Marshall Aerospace & Defence Group won the Engineering Excellence Award. David Newble of TTP Labtech said: “Marshall Aerospace & Defence Group, with Rolls-Royce and Lockheed Martin, recently won a £369 million MoD contact to support the RAF C-130 Hercules transport fleet until 2022, underpinning 1,000 jobs.
“It supports civil and military projects globally, supplying the most sophisticated field hospital in NATO and supporting 12 Air Forces around the world. The company reports a 68 per cent growth in export business.”
ARM won the Kate Gross Prize for Social Enterprise: Ann fisher of Bailey Fisher explained: “Talking Book was developed in 2007 between ARM, Literacy Bridge and UNICEF to give people without literacy skills access to audio recordings of interviews, songs, and dramas that address life-saving health and agriculture advice.
“Survival rates of mothers giving birth, and their babies, is rising; so are crop yields. Launched in Ghana the venture is being rolled out to other parts of Africa and hopefully further afield in the not too distant future.”
Healx won the Judge Business School Cambridge Graduate Business of the Year accolade. Hanadi Jabado of Judge, said: “Healx, which was founded to match potential new cures to the world’s rarest diseases, has developed a novel treatment allocation method allowing prediction of drug response.
“It is based on genomic signature matching between an individual patient and a drug and has the potential to revolutionise personalised medicine to improve patient outcomes and eliminate costly drug wastage in hospitals and throughout the NHS. It has the potential to help millions of people worldwide in an area of vast unmet need.”
Her Judge Business School colleague, Sucheta Nadkarni, announced Jelena Aleksic of GeneAdviser as winner of the inaugural Woman entrepreneur of the Year Award. she said: ““This was an extremely close run affair but we decided on Jelena for a number of reasons, not least market validity and potential healthcare impact.
“Jelena founded and has grown GeneAdviser as an online marketplace for clinical genetic testing –making it easier for doctors to find and order lifesaving tests from accredited laboratories.
“In just one year, she has secured a flagship NHS lab as a customer, surveyed 1000+ clinicians and attracted interest from clinicians across Europe as well as leading life sciences investors. GeneAdviser addresses a great need for accessible genetic testing and will significantly impact the lives of potentially millions of patients globally with rare disease, cancer and neurological conditions.”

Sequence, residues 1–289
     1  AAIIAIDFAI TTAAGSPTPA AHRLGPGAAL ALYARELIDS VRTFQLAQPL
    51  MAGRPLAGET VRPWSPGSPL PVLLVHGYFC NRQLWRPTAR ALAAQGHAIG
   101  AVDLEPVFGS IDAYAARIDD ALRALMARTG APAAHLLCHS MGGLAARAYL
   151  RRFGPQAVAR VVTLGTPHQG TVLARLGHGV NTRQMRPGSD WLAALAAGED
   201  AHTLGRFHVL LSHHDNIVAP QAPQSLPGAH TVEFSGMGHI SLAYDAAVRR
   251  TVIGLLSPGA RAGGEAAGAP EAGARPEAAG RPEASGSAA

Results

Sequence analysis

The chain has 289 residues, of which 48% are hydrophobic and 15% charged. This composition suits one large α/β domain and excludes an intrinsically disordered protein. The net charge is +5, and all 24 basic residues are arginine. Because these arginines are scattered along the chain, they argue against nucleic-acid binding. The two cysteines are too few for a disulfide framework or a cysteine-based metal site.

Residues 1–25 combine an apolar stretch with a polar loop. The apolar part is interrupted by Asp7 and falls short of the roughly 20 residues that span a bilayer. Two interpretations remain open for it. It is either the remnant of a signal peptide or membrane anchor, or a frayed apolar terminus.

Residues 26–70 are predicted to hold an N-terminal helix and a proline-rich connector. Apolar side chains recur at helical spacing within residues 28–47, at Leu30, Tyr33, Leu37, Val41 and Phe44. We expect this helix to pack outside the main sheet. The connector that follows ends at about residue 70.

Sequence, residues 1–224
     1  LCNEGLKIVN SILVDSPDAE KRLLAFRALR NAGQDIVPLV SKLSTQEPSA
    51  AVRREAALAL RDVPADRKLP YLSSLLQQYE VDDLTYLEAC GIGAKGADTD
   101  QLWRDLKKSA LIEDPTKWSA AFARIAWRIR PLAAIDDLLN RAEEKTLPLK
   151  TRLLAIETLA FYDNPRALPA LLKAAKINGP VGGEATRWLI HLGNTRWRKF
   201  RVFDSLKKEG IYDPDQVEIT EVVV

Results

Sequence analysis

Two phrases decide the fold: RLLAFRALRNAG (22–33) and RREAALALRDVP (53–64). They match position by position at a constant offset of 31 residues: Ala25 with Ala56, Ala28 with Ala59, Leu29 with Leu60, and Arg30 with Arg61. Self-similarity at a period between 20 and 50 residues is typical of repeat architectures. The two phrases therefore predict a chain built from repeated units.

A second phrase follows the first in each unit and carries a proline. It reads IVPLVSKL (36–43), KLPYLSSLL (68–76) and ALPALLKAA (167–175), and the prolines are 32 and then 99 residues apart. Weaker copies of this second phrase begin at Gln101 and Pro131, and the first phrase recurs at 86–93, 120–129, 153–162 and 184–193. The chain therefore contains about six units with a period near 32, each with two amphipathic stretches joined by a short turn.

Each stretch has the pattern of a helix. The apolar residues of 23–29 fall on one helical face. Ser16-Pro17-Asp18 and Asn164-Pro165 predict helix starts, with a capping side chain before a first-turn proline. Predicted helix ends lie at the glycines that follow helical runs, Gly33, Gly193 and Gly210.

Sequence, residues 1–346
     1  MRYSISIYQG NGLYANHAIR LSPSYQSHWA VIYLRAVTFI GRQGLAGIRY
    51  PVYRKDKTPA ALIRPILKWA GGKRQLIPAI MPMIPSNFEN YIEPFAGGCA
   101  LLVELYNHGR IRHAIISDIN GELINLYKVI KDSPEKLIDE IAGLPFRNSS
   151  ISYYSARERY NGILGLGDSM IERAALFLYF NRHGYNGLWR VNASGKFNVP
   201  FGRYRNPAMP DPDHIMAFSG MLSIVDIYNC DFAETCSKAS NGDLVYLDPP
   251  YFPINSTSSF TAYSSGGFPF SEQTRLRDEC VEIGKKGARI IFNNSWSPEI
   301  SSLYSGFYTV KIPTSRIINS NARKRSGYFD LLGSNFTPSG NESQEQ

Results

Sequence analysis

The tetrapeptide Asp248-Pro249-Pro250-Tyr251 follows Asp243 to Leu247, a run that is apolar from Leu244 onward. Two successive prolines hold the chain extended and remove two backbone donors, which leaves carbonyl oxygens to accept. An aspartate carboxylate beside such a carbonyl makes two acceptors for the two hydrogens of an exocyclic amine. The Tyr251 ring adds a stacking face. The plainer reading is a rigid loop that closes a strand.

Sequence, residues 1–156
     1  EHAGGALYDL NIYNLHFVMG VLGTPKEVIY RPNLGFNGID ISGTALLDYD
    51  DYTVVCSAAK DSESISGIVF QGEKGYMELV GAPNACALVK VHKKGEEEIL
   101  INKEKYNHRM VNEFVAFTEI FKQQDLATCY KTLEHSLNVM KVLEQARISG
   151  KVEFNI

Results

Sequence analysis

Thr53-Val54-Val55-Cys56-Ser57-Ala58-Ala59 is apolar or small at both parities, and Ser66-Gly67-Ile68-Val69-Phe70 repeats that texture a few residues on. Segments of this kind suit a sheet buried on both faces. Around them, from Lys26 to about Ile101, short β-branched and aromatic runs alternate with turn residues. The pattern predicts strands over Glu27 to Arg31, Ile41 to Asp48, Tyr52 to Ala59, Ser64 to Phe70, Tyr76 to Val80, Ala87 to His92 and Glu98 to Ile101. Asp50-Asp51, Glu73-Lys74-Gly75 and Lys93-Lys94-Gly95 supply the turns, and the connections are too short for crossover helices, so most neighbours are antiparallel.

PragmatIC Printing was a worthy winner of the Startup of the Year Award, as Adrian Bennett of PwC explained: “PragmatIC is a world leader in ultra low cost flexible electronics, enabling the potential for trillions of smart objects that can sense and communicate with their environment.
“Its technology enables integrated circuits thinner than a human hair to be easily embedded in any surface, introducing interactivity into a wide range of everyday items.
“At a fraction of the price of conventional silicon chips, PragmatIC’s products enable a vast range of new applications: from intelligent packaging of fast-moving consumer goods, to wireless traceability of documents for security and identification.”
Duncan McCunn of Barclays introduced the Disruptive Technology category and explained why Darktrace was such a worthy winner. He said: “Darktrace has invented digital antibodies that enable a machine to automatically fight off cyber attacks on a network’s immune system.
“Up to now it has helped governments and corporations identify areas of their systems vulnerable to attack and alert them to raids. Now it has taken the enterprise immunity technology a vital stage further with a new product called Antigena that enables networks to self-defend.
“Darktrace hails Antigena as a key weapon in a new cyber world war where machines fight machines and sophisticated attackers are mobilised.”
from Business Weekly http://ift.tt/22lQUQF